Search using time bins and spans
Time zones and time bins
You can use the
timechart commands to organize your search results into time bins.
Time bins are calculated based on <bin-options> settings, such as
span. For more about how time bins are calculated, see
Search using time bins and spans.
When the time bins cross multiple days or months the bins are aligned to the local day boundary.
The events returned are the same for the time range since the events are processed using UNIX time. But some events in might appear in one bin in a timezone, and in another bin in a different timezone.
Another example is the time range for the search.
When you specify a time range, either through the time range picker or explicitly in the search with the "earliest" and "latest" time (modifiers), the events are processed based on which time range is used.
If the search specifies "Last 24 hours", then the search processes the events using UTC time. The same set of events are returned for a user in SF and a user in Tokyo.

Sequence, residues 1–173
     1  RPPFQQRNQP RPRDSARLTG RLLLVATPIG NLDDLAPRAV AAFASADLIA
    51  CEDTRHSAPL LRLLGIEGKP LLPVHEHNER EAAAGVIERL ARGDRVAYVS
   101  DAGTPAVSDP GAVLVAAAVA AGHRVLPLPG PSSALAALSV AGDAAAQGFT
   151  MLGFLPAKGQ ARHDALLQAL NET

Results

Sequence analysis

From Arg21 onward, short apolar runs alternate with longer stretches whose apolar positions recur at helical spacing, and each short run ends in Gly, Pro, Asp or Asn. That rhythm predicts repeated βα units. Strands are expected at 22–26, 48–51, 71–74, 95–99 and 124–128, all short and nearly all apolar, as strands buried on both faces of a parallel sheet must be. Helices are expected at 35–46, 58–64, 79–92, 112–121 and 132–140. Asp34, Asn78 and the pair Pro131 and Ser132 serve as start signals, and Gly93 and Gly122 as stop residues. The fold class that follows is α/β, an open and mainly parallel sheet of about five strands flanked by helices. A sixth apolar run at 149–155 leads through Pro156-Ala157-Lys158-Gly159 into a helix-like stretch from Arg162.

If the search specifies "Since midnight today", the search processes events based on the midnight of the timezone, not UTC time. A different set of events are returned for a user in SF and a user in Tokyo, because the time that midnight occurs is different in each timezone.
If the search uses a snap-to time, such as @d or @mon, the search processes events based on the "day" or "month" of the timezone, not UTC time. A different set of events are returned for a user in SF and a user in Tokyo, because the time that midnight occurs is different in each timezone.
Use time to find nearby events
How time zones are processed by the Splunk platform
This documentation applies to the following versions of Splunk® Enterprise: 8.2.0, 8.2.1